Tuesday, July 27, 2010

The Annual Wildlife Post—Why Bugs Freak Us Out

At dusk the drone of the cicadas is deafening. For a species that theoretically only spawns every three to five years, this annual event puzzles Chicagoans. We're confused because we hide from the elements most of the year so any summertime visual/auditory arousal throws us off.

My 8-year old grandson takes the cicada fertility boon as an opportunity to collect molted shells, the exoskeletons. He’s delighted with this process. To add to the wonderment of it all, his aunt bought him a plastic bug farm for live insects. I told her that one day, when she has grandchildren, I'll try to return the favor.

But even an 8-year old can’t take the sight of maggots eating through the head of a dead bird. Master Scientist comes running to inform me, after my Saturday nap:
"Bubbie, you’re not going to believe this! On the deck, in a flower pot, is a dead bird! A very large, dead, black bird! And his head is only a skeleton! The worms are eating him. You have to see this!"
I’m sick at the thought, pass on the demonstration, and he totally understands. The culprit is West Nile Virus, or bird flu, some such plague. Black crows are dropping from the sky. You see them in the parks, quite dead, if you look carefully. This is an opportunity for my daughter, a good Jewish mother, to teach her son, “Now you have to be SURE to wash your hands when you touch bugs. You could catch the sickness, too.”

This is probably where it begins, I'm thinking, the female aversion to bugs, for it does seem to be associated with women, the EEEK, thing. Generations of prejudice against things that crawl, for no one likes anything crawling on the skin, and the fear of disease. Perhaps there is also a fear of the unknown, a fear of invasion. They are small. They're fast. They hide. Who can keep up with them?

But honest. They’re so small, bugs. We can kill them fairly easily. Seven in one blow, if necessary. And RAID is amazing, has subdued many a crawling or flying six-legged monster.

A person can't let them get the psychological upper hand. You just can't. Even in quantity, they're still just bugs. I can say this because aside from a few spiders and a few ants, resident centipedes and water bugs, my house is bug free. If there were other, strange, territorial, hard-to-kill bugs, I'd probably move.

We're supposed to be tolerant, I guess, and loving. But last week we were playing a little tennis near a city garden and a bee stung my hand as I reached for a lost ball. It was a little bee, an aggressive bugger, and I got angry because I had been trying to teach the kids what I learned from the book, The Secret Life of Bees (fabulous, Sue Monk Kidd, that if you love them, bees, they won’t hurt you. Send them love.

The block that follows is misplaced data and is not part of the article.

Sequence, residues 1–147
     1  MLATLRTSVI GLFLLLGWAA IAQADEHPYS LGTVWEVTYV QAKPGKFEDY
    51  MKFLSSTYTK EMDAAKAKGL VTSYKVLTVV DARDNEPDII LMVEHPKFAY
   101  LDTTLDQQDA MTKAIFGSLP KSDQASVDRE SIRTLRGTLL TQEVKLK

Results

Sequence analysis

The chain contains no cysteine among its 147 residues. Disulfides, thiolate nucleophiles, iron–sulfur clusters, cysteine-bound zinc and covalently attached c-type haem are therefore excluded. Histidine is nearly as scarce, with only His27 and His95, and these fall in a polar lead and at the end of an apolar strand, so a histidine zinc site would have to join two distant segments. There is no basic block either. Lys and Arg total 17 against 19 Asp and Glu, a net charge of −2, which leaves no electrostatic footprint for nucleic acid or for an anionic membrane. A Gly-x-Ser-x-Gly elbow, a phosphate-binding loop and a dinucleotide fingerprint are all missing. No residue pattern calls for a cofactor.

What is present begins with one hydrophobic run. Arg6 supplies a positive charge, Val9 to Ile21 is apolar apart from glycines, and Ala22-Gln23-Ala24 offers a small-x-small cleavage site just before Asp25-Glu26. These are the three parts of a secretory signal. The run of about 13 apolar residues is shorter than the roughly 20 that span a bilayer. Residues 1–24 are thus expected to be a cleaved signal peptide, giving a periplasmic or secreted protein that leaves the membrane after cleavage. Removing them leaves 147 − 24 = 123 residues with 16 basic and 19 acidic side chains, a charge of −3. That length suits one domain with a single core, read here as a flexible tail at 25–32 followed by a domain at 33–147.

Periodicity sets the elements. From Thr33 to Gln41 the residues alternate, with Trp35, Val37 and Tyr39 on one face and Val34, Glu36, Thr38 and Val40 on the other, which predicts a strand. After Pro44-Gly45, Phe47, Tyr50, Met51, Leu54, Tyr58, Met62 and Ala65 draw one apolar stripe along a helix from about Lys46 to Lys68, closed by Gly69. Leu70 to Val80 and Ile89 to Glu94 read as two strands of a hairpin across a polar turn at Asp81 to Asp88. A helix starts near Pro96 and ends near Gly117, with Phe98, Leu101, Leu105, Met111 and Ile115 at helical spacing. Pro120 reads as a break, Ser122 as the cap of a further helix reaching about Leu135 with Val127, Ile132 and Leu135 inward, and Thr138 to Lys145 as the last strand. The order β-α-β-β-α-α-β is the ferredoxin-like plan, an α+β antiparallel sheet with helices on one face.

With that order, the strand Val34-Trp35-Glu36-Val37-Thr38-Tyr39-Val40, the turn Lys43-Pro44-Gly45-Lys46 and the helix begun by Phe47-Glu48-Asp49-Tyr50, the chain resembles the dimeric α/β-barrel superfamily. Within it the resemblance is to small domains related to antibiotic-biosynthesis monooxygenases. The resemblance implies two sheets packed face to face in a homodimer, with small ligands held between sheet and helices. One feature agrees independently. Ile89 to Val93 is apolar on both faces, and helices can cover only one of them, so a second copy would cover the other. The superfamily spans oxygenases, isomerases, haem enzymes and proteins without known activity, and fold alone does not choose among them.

Rubbish. Do not believe this.

Once I had a friend who told me a bug story. Her mother ridiculed her for being afraid of bugs, and she didn't even have a fear of bugs, not in the plural. It was one particular bug that threw her off her game, a big indestructible thing.

None of us like the indestructible ones.

I have a fond memory of waking up to the sound of a mosquito buzzing in my ear, me trying to rouse my parents from their sleep. My mother groggily inspires me, "You can do this, I know you can. Turn on the light, track him down, and kill him." She didn't like mice, particularly, but there wasn't a bug she couldn't dispose of with alacrity. Once I mastered mosquito detection, it was a short step to swatting and murdering the bloody things.

So why the bug phobia, you asked, didn't you? I think that the EEEK! thing is a combination of what we've already said, they're small, they could go anywhere, but we should add the functionality of the behavior, see it, sometimes, as a coy female reaction that begs male attention. Bring out the club, caveman. We have roaches.

This vulnerability is modeled by a woman's mother, a woman who assigned the job, killing house bugs, to a man. Not all that different than Do the lawn, dear, it's grown to my knees. It is endearing when they come to the rescue, and gives the fellow something easy to do, something less taxing than the lawn. Some swat with a bare hand.

My daughter didn't see a bug-killing role division, for if you remember, bugs didn't blow my own mother away. So theoretically, knowing how transgenerational these things can be, my daughter shouldn't have shrieked this morning when she opened her laptop to find an ant. She shrieked once, then she shrieked again when she saw another. I brought out the RAID, but she blamed herself for letting the kids eat terrible sticky things while playing Club Penguin (the Facebook entry drug).